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Luxurious NetworksSalt Merchants, Status, and Statecraft in Eighteenth-Century China$
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Yulian Wu

Print publication date: 2017

Print ISBN-13: 9780804798112

Published to Stanford Scholarship Online: September 2017

DOI: 10.11126/stanford/9780804798112.001.0001

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Cultured and Cosmopolitan Men (tongren)

Cultured and Cosmopolitan Men (tongren)

Objects, Merchants, and the Manchu Court in High Qing China

(p.186) Conclusion Cultured and Cosmopolitan Men (tongren)
Luxurious Networks

Yulian Wu

Stanford University Press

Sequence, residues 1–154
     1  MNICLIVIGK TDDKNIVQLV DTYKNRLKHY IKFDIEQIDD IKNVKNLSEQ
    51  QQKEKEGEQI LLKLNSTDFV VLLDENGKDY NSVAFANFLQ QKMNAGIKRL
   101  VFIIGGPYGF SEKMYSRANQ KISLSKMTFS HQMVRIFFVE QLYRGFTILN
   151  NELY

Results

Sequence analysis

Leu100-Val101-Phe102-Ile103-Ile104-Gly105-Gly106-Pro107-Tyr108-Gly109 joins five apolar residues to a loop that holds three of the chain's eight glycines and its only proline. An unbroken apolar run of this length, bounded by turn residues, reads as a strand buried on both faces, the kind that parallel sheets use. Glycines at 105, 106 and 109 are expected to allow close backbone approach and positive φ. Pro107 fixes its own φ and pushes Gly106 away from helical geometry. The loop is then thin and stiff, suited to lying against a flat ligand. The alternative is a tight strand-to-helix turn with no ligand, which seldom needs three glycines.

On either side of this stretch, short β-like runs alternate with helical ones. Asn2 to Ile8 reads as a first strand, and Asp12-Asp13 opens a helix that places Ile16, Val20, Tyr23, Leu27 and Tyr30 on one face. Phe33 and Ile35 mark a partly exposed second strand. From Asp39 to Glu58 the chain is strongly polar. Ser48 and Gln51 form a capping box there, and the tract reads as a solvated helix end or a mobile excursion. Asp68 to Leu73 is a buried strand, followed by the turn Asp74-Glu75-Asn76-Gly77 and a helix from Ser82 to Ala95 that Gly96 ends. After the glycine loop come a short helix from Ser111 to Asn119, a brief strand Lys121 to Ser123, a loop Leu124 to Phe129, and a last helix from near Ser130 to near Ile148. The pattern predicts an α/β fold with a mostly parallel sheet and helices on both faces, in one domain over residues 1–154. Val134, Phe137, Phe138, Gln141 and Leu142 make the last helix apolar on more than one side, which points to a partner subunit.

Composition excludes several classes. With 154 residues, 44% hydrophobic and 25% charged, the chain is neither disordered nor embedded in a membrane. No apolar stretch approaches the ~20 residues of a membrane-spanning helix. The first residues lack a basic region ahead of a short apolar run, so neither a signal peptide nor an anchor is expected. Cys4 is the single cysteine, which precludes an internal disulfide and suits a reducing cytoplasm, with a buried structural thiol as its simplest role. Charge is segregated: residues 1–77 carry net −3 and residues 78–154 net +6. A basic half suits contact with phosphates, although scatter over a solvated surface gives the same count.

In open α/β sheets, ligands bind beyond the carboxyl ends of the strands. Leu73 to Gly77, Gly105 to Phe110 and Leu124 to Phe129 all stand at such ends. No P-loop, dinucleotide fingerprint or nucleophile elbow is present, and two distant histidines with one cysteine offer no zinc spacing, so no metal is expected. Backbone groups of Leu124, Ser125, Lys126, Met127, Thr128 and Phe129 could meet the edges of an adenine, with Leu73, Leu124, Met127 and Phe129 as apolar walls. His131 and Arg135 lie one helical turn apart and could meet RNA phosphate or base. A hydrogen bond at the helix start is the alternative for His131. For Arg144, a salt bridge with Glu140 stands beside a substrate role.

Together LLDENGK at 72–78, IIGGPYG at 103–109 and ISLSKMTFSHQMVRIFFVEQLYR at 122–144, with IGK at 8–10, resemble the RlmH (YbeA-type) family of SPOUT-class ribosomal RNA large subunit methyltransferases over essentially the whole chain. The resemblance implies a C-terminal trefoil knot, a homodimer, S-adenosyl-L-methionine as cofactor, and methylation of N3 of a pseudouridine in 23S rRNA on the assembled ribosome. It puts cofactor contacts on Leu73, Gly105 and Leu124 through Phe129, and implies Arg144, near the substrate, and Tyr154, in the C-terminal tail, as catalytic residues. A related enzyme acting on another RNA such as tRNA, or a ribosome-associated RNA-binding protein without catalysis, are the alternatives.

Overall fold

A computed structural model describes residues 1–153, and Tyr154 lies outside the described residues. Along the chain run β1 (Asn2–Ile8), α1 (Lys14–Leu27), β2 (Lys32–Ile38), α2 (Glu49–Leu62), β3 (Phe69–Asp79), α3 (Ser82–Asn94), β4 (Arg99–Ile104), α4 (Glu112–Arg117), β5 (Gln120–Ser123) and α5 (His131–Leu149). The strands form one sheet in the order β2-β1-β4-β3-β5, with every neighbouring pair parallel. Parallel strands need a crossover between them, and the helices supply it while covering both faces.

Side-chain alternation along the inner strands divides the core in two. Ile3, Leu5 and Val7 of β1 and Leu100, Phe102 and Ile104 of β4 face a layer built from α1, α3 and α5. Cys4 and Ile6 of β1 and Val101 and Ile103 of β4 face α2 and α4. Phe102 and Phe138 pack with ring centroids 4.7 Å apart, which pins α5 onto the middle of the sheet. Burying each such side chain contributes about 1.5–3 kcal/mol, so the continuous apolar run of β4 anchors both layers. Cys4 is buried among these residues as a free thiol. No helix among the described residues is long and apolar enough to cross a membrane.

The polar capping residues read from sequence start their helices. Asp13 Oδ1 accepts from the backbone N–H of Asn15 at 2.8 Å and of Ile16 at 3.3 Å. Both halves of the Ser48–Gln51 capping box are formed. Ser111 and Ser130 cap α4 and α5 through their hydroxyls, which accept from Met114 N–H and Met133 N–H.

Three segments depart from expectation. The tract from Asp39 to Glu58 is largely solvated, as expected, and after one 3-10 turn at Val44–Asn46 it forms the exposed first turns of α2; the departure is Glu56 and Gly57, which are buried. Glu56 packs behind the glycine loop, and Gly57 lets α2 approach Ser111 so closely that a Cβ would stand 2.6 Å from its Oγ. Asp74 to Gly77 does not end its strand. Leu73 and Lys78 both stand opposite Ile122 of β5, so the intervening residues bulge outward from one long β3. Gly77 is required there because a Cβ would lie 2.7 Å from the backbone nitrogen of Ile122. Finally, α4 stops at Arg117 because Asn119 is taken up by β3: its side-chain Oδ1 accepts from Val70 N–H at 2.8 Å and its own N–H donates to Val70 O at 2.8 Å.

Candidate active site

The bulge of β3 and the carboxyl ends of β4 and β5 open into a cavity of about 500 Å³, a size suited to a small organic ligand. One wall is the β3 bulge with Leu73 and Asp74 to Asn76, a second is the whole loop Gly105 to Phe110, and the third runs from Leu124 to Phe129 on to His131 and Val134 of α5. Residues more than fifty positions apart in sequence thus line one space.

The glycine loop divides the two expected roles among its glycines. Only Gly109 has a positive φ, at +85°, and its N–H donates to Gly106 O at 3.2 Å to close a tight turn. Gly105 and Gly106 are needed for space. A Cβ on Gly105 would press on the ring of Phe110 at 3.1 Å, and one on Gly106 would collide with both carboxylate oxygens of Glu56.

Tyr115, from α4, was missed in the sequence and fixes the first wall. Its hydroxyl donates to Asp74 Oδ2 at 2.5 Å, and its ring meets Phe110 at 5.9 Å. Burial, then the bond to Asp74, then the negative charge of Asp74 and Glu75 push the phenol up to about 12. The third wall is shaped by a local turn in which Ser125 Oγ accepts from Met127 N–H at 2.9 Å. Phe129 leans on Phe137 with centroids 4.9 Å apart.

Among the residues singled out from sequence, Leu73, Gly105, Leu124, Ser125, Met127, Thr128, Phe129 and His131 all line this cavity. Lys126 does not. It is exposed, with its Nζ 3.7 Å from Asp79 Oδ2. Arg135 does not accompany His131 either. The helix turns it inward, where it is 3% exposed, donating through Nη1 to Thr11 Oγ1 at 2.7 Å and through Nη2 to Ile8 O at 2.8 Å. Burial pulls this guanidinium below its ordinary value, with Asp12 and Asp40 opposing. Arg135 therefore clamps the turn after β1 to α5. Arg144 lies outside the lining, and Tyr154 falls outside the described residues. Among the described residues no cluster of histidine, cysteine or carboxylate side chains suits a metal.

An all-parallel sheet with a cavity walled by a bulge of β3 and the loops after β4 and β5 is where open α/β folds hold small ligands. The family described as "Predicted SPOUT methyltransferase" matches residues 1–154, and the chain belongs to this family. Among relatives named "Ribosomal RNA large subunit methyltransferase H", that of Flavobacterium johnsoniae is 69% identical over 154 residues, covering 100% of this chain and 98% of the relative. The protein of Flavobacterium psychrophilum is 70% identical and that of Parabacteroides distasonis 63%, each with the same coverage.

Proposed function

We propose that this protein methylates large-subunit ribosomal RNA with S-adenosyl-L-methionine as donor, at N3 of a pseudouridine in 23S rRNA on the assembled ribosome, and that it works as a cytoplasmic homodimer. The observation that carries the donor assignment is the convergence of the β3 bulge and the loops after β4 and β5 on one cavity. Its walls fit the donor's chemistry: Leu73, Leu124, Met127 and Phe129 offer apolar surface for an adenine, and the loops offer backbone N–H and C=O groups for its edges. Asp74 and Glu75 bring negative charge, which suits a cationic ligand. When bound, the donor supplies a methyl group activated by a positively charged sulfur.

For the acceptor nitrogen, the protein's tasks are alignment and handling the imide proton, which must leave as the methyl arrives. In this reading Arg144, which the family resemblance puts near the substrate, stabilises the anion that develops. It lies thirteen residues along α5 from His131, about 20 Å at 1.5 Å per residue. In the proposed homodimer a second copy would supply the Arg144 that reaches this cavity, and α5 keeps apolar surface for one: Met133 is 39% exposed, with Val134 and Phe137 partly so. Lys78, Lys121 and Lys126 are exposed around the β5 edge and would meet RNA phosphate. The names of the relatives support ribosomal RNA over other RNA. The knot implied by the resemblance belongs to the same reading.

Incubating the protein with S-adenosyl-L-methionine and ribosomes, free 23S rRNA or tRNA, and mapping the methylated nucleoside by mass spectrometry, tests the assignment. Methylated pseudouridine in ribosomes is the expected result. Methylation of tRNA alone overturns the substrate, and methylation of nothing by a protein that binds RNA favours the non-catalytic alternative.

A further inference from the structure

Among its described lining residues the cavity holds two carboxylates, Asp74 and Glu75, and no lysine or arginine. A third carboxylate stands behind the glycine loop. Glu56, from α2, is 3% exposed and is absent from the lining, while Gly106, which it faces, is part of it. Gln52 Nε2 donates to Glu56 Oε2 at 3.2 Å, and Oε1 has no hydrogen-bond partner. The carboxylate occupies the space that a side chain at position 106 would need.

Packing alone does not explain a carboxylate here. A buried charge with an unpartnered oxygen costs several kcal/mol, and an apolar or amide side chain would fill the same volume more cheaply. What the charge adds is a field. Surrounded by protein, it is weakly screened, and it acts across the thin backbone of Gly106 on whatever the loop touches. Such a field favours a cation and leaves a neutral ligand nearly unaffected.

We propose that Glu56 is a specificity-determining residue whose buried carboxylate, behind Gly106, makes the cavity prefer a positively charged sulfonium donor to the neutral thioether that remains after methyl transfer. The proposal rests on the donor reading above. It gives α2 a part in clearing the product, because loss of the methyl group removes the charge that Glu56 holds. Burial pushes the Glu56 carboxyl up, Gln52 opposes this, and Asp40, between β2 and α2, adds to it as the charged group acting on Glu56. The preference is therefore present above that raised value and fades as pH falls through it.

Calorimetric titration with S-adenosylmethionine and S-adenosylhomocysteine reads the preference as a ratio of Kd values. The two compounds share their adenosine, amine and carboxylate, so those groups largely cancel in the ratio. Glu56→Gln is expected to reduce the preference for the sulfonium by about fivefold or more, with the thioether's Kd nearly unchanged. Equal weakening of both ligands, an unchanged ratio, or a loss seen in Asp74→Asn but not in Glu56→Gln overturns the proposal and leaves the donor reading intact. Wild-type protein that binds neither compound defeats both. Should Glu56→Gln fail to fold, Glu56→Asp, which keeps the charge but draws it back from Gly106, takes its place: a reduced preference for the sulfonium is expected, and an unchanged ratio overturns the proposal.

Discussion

The conclusion argues that the Huizhou salt merchants emerged as “cultured and cosmopolitan men” who distinguished themselves with knowledge and skill in a wide range of fields, being famed for their managerial prowess. Through their production and consumption of a variety of objects, these merchants played multiple roles in the fluid material world of High Qing China, whether as the emperor’s informal agents or arbiters of taste, lineage patrons or moral advocates. By playing these roles, these salt merchants also constructed a dynamic and fluid urban-rural and central-local relationship in the high Qing period. Study of these salt merchants thus sheds new light on the Qianlong emperor’s political strategy in Jiangnan and reveals the differences and transformations of consumer cultures in China from the late Ming to the high Qing.

Keywords:   Cultured and cosmopolitan men, tongren, salt merchants, Qianlong emperor, Huizhou, network, salt monopoly, material culture, luxury consumption, ethnicity

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